Palladino: Giants Are The Best — Relatively Speaking

‘From the Pressbox’
By Ernie Palladino
» More Ernie Palladino Columns

Ernie is the author of “Lombardi and Landry.”

An interesting query was lodged in the comments section of Monday’s entry.

By virtue of their 21-17 Super Bowl XLVI victory over the Patriots, are the Giants the best team in football?

We hate punting questions 60 yards and downing them inside the 5, so maybe we’ll just pooch this one.

What we’re trying to say here is that you can take either side of the issue with equal legitimacy.

The first question one must settle is the basic one. Does a Super Bowl win by nature make a team the best in the league?

Some say yes, it does. And they’re not entirely wrong, especially if one goes back into the history of the game.

Years ago, way, way back like, until about six years ago, the Lombardi Trophy usually went to the teams with the better records. You might see a wild card win it like Pittsburgh did in 2005, or Baltimore in 2000 respective 11 and 12-win teams. Normally, the Super Bowl was reserved for big-win division winners.

In fact, until the Giants started this fad of fourth-quarter victories in Super Bowl XLII, which the Steelers followed up the following year with another heart-stopper against Arizona, the best teams from the regular season generally won, often in anti-climactic fashion.

In other words, the Super Bowl used to be a big snooze as coaches cranked up the defense and reeled in the offense.

No more. The pass-first philosophy that has propelled numerous division champions through the regular season — Giants included — has now transferred to the Super Bowl. And that has led to a more dynamic game, and a contest that can by won by even a 9-7 team.

The entire postseason has turned into a kind of small-scale NCAA tournament. It doesn’t matter if you’re North Carolina or Butler. Remember in 2010 that Butler, that Indiana school that plays in the shadow of Lucas Oil Stadium, came within two points of upsetting mighty Duke in their first of two straight final appearances.

While it’s true that the mid-majors have yet to hoist a trophy, it kind of makes you wonder when Gonzaga’s going to pull off a miracle.

The philosophy that anything can happen once you make the tournament holds true. A break here, a break there might be all that separates the tournament winner from the loser now.

It’s the same with the NFL. Just make the tournament. Doesn’t matter if you’re the worst of the division winners at 9-7, or 15-1 like Green Bay. Get a break, and the whole world changes for the little guy.

A strip and fumble in overtime against San Francisco. A red-hot quarterbacking performance against Green Bay. And, yeah, a miracle throw and a catch by a sometimes faulty receiver in the fourth quarter of the big one.

The key is getting to the tournament, as the Giants did.

So, is that team that will parade up the Canyon of Heroes today the best team in football?

They do hold the worst record ever for a Super Bowl winner. But when it counted, down the regular-season stretch and the playoffs, they indeed turned into the league’s most feared club, the one nobody wanted to play.

The one that had it all together.

In the end, the coach and quarterback of the 13-3, top-seeded Patriots went home empty-handed. Eli Manning and Tom Coughlin stood on the podium, the Lombardi Trophy in their hands.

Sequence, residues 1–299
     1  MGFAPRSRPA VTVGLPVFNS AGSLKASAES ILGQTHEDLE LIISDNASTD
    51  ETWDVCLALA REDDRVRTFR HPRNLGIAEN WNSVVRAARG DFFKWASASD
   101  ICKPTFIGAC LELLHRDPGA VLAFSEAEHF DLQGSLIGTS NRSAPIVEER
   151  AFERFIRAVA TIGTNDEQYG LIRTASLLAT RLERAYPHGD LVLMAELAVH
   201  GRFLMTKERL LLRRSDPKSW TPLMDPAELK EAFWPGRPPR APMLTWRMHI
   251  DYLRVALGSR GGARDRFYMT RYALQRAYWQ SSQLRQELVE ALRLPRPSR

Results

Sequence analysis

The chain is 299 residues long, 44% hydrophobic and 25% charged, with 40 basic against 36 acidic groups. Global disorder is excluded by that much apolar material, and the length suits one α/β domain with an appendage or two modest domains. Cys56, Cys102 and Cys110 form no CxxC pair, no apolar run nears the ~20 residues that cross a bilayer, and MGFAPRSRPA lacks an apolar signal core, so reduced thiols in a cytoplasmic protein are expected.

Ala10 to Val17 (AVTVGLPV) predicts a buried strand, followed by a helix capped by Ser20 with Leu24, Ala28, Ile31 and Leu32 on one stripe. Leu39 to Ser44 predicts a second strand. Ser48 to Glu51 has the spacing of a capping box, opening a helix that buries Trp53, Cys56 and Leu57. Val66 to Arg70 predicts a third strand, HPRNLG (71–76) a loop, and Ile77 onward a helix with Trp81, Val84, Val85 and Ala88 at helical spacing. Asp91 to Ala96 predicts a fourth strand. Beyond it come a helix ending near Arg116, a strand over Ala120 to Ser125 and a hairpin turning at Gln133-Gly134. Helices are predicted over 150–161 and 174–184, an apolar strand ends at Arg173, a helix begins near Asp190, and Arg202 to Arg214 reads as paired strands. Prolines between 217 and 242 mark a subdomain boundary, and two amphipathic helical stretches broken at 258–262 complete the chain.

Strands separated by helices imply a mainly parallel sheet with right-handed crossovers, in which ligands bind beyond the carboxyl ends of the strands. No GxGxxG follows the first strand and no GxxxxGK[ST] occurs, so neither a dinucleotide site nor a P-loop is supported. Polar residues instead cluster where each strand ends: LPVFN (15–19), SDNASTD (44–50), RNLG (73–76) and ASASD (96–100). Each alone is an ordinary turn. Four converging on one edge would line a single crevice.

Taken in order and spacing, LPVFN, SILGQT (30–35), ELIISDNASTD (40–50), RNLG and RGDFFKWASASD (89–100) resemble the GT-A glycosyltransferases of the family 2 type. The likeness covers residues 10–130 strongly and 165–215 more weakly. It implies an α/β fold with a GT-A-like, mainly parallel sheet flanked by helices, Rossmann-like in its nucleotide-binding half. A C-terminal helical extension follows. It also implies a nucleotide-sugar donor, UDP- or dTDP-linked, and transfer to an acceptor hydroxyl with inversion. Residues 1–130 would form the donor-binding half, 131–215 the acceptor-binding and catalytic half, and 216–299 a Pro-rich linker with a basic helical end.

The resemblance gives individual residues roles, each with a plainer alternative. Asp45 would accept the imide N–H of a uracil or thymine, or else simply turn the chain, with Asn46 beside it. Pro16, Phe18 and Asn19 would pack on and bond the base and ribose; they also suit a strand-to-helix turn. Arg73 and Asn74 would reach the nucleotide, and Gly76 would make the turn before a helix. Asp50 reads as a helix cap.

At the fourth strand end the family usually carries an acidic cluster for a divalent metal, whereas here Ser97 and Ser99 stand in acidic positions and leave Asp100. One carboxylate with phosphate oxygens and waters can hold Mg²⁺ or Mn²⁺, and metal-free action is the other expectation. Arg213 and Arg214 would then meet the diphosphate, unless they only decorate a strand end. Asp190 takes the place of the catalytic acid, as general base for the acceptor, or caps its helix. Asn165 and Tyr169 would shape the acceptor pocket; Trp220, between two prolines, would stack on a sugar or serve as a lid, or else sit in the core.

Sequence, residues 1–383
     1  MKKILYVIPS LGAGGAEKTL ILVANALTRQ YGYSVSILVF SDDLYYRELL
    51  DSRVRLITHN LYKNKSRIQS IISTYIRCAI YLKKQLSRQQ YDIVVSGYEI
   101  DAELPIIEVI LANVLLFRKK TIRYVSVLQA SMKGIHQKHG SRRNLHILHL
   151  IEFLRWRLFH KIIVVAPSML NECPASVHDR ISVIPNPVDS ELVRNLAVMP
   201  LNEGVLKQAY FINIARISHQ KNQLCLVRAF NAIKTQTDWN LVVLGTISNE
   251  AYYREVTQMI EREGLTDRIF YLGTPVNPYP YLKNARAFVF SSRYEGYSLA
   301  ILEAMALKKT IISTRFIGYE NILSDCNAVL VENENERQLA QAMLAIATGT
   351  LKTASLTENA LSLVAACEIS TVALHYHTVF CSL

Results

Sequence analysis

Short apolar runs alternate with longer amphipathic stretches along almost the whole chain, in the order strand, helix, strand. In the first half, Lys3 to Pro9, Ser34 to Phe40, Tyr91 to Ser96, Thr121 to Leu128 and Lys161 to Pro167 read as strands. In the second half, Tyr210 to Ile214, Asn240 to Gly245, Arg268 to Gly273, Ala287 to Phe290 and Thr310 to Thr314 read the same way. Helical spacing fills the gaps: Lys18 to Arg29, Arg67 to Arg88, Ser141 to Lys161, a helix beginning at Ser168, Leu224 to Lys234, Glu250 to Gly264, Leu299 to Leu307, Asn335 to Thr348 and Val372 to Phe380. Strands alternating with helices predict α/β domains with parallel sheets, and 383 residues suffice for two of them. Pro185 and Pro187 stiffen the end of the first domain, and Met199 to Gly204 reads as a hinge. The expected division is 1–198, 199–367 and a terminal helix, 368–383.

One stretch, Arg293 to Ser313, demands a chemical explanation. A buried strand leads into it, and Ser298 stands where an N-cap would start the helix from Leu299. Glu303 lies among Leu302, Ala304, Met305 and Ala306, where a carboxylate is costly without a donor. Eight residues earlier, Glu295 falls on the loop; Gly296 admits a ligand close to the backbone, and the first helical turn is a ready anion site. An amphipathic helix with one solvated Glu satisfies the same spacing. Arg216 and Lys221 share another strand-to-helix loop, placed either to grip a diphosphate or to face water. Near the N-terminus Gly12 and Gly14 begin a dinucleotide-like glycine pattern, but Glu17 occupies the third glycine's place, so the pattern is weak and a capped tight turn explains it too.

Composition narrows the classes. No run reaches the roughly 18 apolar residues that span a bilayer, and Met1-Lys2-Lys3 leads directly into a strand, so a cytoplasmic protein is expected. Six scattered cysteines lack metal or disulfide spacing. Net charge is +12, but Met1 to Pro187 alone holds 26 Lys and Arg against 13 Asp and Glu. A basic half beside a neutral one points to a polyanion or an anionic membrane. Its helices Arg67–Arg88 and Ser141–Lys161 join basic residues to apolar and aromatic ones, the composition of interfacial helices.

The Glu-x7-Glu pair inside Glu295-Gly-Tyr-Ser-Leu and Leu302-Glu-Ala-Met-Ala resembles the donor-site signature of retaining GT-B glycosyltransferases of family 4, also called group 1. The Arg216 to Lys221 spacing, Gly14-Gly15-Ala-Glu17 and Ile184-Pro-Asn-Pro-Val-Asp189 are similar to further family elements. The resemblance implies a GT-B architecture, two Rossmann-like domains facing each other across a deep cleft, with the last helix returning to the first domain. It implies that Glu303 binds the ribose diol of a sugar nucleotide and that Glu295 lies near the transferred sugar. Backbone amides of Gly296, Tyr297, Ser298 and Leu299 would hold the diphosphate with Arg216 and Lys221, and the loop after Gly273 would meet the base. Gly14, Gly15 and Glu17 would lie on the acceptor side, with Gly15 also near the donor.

Best team?

Does it really matter when all that counts is that silver piece of hardware?

Oh, that punt was a beauty, no?

Does the Lombardi Trophy prove the Giants are the best team in football? Sound off below…

Comments

One Comment

  1. Win With Lin says:

    Does anybody think the St. Louis Cardinals were the best team in baseball last year? Or that if they had played a best of seven series back in 1980 the US hockey team still would have beaten the USSR? It’s not about “Who’s the best.” It’s about who rises to the occasion when it matters most. Otherwise we’d never have any upsets. If we simply wanted to crown the “best” team, we’d do it off the field, with a bunch of writers voting on who they thought deserved to be #1. And how ridiculous would that be? Oh, wait a minute…

  2. Rich says:

    Why do they bother having a regular season? Hard work and dedication for most of the year reaps little reward. Lazy teams like the Giants just rest or play half-hearted until the playoffs and then beat up on the ones who worked their butts off all year. What does that prove? How about handicapping playoff teams, starting with minus ponts proportional to how bad your regular season record was? Then the lazy players might show up all year long.

    1. Joe says:

      Isn’t that the point of home field advantage?? They beat the 1, 2, and 1 seed on the road in Lambeau Field, in the rain in SF, and the Pats for the 3rd time in three tries at two neutral sites and in New England this season, not to mention they were missing half a team like every game till the playoffs. And if they are that talented that they can be lazy and beat “hard working” teams then tough for the hard working teams cause obviously their hard work or personnel aren’t good if you can’t beat a lazy team.

  3. Rich says:

    Why do they bother having a regular season? Hard work and dedication for most of the year reaps little reward. Lazy teams like the Giants just rest or play half-hearted until the playoffs and then beat up on the ones who worked their butts off all year. What does that prove? How about handicapping playoff teams, starting with minus ponts proportional to how bad your regular season record was? Then the lazy players might show up all year long.

  4. Chris Connors says:

    They beat 3 teams in the post season who were supposed to be better than them. Not one team, not two teams, three teams. It wasn’t a fluke. They are the best team in football right now.

Comments are closed.

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